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3 ways IT teams can use PowerShell in AI initiatives

As they embark on AIOps strategies, IT admins -- particularly those in Windows shops -- can lean on a familiar tool for data gathering and issue remediation: PowerShell.

With the amount of data that enterprise computer systems generate, traditional troubleshooting models are no longer viable. Good riddance to sifting through systems logs to uncover the root cause of a widespread outage.

AIOps -- artificial intelligence for IT operations -- means different things to different people. But, in a general sense, it refers to the use of machine learning algorithms to solve IT ops problems more efficiently. With AIOps, an enterprise uses event and performance data to uncover and predict trends. In addition to data collection and analysis, an AIOps strategy often involves tools that help identify and remediate IT system issues.

While PowerShell might not immediately spring to mind when IT admins think of AI, the tool can play a role in AIOps -- and work alongside some AI-driven IT management tools.

Here are three use cases for PowerShell in AI initiatives.

1. Data gathering

Data gathering, or the ingestion of data, is an important part of the AIOps process. It enables IT teams to pull information from multiple data sources and apply machine learning to the data streams. Here, PowerShell can both gather and dump data.

For instance, with PowerShell remoting, IT admins can gather Windows events for thousands of machines and put it in a CSV file for analysis.

To retrieve any application error event from any device in Active Directory and export to a local CSV file, use this command:

C:\windows\system32> Get-WinEvent -ComputerName (Get-ADComputer -Filter *).Name -FilterHashtable  @{Logname="Application"; ProviderName="Application Error"} | Export-csv c:\temp\test.csv

2. Data analysis

PowerShell, first and foremost, is a scripting language. It's a powerful tool to create and run scripts, but it can assist in data analysis.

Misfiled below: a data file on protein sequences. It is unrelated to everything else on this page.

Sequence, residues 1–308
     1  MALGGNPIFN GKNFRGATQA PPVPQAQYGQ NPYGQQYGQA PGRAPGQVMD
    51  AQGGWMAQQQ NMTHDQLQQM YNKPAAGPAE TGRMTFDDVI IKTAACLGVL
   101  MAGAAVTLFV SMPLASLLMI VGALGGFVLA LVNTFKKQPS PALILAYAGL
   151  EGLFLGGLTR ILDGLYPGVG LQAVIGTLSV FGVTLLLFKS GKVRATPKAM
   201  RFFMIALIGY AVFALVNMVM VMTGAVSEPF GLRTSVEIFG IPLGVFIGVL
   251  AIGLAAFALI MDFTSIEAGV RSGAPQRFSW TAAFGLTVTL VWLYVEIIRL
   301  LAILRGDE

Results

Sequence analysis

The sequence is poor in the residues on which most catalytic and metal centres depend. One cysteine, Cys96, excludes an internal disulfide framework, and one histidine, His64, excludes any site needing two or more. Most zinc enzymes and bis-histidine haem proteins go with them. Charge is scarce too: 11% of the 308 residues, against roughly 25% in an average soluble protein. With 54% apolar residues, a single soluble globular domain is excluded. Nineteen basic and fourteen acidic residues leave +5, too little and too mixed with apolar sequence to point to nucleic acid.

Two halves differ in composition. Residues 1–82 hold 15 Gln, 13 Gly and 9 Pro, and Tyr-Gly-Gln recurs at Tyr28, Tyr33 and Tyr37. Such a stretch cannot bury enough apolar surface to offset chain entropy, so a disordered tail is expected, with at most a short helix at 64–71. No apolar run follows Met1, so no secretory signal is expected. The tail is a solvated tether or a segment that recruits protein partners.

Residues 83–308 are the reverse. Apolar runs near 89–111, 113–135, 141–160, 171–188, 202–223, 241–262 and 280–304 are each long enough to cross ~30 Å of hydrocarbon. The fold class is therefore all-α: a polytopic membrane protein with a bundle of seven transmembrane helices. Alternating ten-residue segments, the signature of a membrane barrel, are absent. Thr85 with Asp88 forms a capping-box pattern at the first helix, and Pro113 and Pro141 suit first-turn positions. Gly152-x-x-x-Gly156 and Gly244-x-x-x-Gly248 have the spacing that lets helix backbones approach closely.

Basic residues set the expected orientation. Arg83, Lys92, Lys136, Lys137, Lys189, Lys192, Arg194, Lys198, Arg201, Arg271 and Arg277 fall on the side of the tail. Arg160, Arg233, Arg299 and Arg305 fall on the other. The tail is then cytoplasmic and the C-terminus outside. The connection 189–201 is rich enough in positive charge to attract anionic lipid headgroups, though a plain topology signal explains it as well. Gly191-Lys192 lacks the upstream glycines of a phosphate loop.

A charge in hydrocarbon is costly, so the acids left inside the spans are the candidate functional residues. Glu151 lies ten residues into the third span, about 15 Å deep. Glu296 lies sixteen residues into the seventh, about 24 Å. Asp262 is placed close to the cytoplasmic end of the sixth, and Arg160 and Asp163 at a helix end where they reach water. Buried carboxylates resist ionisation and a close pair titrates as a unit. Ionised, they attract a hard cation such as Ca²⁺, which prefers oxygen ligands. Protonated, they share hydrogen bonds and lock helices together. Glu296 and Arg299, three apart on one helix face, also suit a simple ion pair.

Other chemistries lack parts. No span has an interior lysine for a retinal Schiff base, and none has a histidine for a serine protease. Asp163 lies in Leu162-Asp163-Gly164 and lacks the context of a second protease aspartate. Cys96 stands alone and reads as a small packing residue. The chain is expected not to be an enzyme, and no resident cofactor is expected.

One of PowerShell's greatest capabilities is to convert all sorts of data into a common framework: objects. Whether it is a CSV file, a REST API or SQL, all data types are converted into PowerShell objects, which then can be analyzed by a common method.

When admins connect PowerShell to data sources such as SQL databases, they can use the tool to orchestrate data manipulation, and even some machine learning algorithms. This method isn't as efficient as, for example, Python, which offers more machine learning libraries, but PowerShell carries its own benefits -- in particular, its integration with the Azure cloud and AI suite of services.

AIOps 101

Before sys admins can grasp the role of PowerShell in AI-driven IT initiatives, they require a baseline understanding of AIOps itself. Watch this brief video for a crash course in AIOps use cases, technologies and challenges.

3. Issue remediation

Part of the AIOps experience is to remediate issues within the enterprise proactively. On Windows, PowerShell can support this effort.

Natively, IT pros can use PowerShell remoting fairly easily -- as long as it's enabled -- to run commands and scripts on thousands of machines. For instance, if the IT operations team must disable and restart a Windows service for a high volume of machines due to an incident, it can perform this logic in PowerShell:

C:\windows\system32> Set-Service BITS -StartupType Automatic

C:\windows\system32> Start-Service BITS

PowerShell can also work alongside a real-time IT monitoring tool, such as Nexthink, to support remediation efforts; admins can use PowerShell to run through a Windows service on any endpoint connected to the Nexthink platform, and they can store the script results within the Nexthink database for analysis.

The future of PowerShell in AI initiatives

The Windows OS is still prominent in enterprise environments. The versatility of PowerShell enables it to support AIOps processes, including data retrieval, data analysis and issue remediation. Moving forward, particularly with the cross-platform capabilities of PowerShell Core, data scientists will continue to see a role for the tool.

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